James Rufus Agee was born in Knoxville, Tennessee, on November 27, 1909. His father, Hugh James Agee, a warm and simple man, had worked for the U.S. Postal Service in Panama and later for the railroad in Tennessee. His mother, the former Laura Whitman Tyler, was from a wealthier family and kept a religious household. A turning point came early in Agee’s life when, on May 18, 1916, his father died in an automobile crash.
Left alone to raise James and his sister Emma, Laura Agee’s religiosity grew; it brought feelings of guilt and anger to James and led the family to a Catholic mountain retreat, where he found substitute parents in Father Harold and Grace Flye. A serious, lonely boy who loved reading, Agee experienced a spiritual crisis at the age of fourteen that further alienated him from his background and surroundings.
With his mother’s remarriage in 1924 to a conservative churchman, Agee was ready to leave home. In 1925 he entered Phillips Exeter Academy in rural New Hampshire, where he wrote poetry and contributed stories to the school’s monthly publication. Though his grades were poor, upon graduation in June of 1928 he was accepted to Harvard College. There he wrote for the newspaper and literary review and cultivated friendships with rising literary figures such as I. A. Richards, Bernard Schoenfeld, and Dwight Macdonald. Agee’s college years, like much of his life to follow, were characterized by heavy drinking and severe depressions. Though he had felt occasional homosexual leanings, involvements with a series of women culminated in his courtship of Olivia Saunders, whose family had effectively adopted Agee, and the couple was married early in 1933.
A Harvard Advocate parody of Time magazine brought Agee to the...
(The entire section is 729 words.)
As a man who lived somewhat recklessly and died much too young, Agee left behind a small body of work by no means commensurate with his extraordinary talents. His life was a tragedy of promise only partially fulfilled, and his writings offer, through careful examination of specific subjects, a universal vision of human suffering, longing, and hope.
A defining moment in the life of James Rufus Agee occurred in May, 1916, when his father, Hugh James Agee, was killed in an automobile accident. Hugh’s widow, Laura Tyler Agee, recited the details of the accident so often that her children, James and Emma, could repeat them verbatim. These are the details that Agee employed successfully in his most celebrated work, the novel entitled A Death in the Family.
In 1919, Laura moved her family to Sewanee, Tennessee, where James attended St. Andrew’s Episcopal School, there developing a lifelong friendship with Father James Harold Flye. Agee cycled through Europe with Flye and his wife in 1925 before entering Phillips Exeter Academy, where, as editor of the Phillips Exeter Monthly, he gained editorial experience that proved invaluable to him during his seven years as a reporter for Fortune. Agee also published some of his earliest writing in the Phillips Exeter Monthly.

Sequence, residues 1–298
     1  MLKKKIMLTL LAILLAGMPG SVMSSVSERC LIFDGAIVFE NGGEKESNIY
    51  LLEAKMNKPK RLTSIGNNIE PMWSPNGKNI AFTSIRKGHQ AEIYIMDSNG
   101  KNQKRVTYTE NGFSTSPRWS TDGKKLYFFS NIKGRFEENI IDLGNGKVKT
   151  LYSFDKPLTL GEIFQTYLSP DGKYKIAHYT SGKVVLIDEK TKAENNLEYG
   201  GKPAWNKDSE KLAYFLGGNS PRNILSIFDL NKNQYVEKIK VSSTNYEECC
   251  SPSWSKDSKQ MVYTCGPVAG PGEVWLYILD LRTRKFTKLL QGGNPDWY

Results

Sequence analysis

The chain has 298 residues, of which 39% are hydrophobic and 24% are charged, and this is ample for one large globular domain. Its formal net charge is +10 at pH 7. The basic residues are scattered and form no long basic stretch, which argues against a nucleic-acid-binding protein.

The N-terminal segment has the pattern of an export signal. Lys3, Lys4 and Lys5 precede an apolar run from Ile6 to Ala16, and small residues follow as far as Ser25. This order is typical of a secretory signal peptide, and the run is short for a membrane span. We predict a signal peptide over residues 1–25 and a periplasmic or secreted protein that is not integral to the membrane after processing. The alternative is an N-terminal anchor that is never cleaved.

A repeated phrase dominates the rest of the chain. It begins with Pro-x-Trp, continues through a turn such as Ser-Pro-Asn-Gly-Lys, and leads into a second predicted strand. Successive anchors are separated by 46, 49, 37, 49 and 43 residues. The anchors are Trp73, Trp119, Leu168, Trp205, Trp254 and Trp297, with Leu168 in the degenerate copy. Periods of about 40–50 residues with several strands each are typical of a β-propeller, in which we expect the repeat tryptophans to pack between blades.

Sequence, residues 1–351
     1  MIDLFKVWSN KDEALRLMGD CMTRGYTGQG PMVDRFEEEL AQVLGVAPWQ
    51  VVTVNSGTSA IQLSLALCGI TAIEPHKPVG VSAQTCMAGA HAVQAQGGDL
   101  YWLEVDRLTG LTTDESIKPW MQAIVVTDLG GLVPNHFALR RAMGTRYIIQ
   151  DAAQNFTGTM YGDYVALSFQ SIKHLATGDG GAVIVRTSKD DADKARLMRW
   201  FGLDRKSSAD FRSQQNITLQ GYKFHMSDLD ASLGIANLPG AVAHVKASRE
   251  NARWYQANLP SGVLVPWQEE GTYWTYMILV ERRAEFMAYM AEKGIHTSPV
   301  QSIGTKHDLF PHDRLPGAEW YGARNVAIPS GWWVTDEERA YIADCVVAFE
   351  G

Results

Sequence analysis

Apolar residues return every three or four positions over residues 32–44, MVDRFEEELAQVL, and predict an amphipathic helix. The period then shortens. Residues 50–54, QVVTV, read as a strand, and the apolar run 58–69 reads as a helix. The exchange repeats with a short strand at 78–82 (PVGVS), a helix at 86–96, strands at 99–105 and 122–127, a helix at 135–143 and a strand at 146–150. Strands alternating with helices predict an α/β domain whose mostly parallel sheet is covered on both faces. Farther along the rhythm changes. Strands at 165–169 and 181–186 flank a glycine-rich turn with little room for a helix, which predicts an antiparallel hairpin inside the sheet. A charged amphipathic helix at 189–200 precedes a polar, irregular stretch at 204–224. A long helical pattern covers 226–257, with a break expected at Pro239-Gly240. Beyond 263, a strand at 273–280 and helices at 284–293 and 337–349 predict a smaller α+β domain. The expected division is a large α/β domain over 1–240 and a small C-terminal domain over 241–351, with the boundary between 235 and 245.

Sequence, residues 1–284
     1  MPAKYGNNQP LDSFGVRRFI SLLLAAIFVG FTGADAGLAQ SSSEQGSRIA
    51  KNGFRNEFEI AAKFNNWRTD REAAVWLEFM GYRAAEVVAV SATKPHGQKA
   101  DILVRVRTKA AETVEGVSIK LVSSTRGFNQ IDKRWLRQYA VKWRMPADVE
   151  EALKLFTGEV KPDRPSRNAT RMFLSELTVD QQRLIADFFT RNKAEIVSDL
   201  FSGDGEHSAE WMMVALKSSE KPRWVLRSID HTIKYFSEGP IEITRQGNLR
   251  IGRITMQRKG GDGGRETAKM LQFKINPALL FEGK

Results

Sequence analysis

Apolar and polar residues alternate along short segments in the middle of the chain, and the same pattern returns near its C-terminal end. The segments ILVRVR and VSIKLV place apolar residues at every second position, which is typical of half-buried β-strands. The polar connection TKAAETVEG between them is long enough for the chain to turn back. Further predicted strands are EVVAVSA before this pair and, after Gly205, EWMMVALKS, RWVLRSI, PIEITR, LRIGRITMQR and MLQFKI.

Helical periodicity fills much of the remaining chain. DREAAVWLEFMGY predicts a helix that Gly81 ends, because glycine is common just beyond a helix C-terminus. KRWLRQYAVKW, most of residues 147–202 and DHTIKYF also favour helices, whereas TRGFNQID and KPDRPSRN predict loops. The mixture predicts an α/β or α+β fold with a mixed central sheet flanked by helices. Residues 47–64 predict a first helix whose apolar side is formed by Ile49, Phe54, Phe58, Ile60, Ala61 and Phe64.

Continuing his education at Harvard University, from which he was graduated in 1932, Agee worked during the Great Depression as a journalist. Between 1942 and 1948, Agee, starstruck since childhood, wrote the film column for The Nation. In 1949 and 1950, he contributed several long film essays (on Charlie Chaplin, D. W. Griffith, and John Huston) to Life magazine. This experience was the catapult he needed to embark on a career of writing screenplays. A consistently productive writer, Agee succeeded best when he wrote autobiographically oriented fiction. His novella The Morning Watch (1951) recounts a young boy’s religious experience in the chapel of a boys’ school much like St. Andrew’s. His early sketch “Knoxville: Summer of 1915” (1936) recounts the innocent days in the year before his father’s death and serves as a prelude to A Death in the Family. Suffering for several years from heart trouble, Agee died at age forty-five in a New York City taxicab on his way to his doctor’s office. His greatest popular recognition followed his death.
Born in Knoxville, Tennessee, on November 27, 1909, James Rufus Agee was the son of Hugh James Agee, from a Tennessee mountain family, and Laura Whitman Tyler, the well-educated and highly religious daughter of a businessman. His father sang mountain ballads to him, and his mother passed on to him her love of drama and music. Hugh Agee’s death in an automobile accident in the spring of 1916 profoundly influenced young Rufus, as he was called in the family.
Agee received a first-rate education at St. Andrew’s School, near Sewanee, Tennessee, where he developed a lifelong friendship with Father James Harold Flye; at Phillips Exeter Academy, Exeter, New Hampshire; and at Harvard College, where in his senior year he...
(The entire section is 260 words.)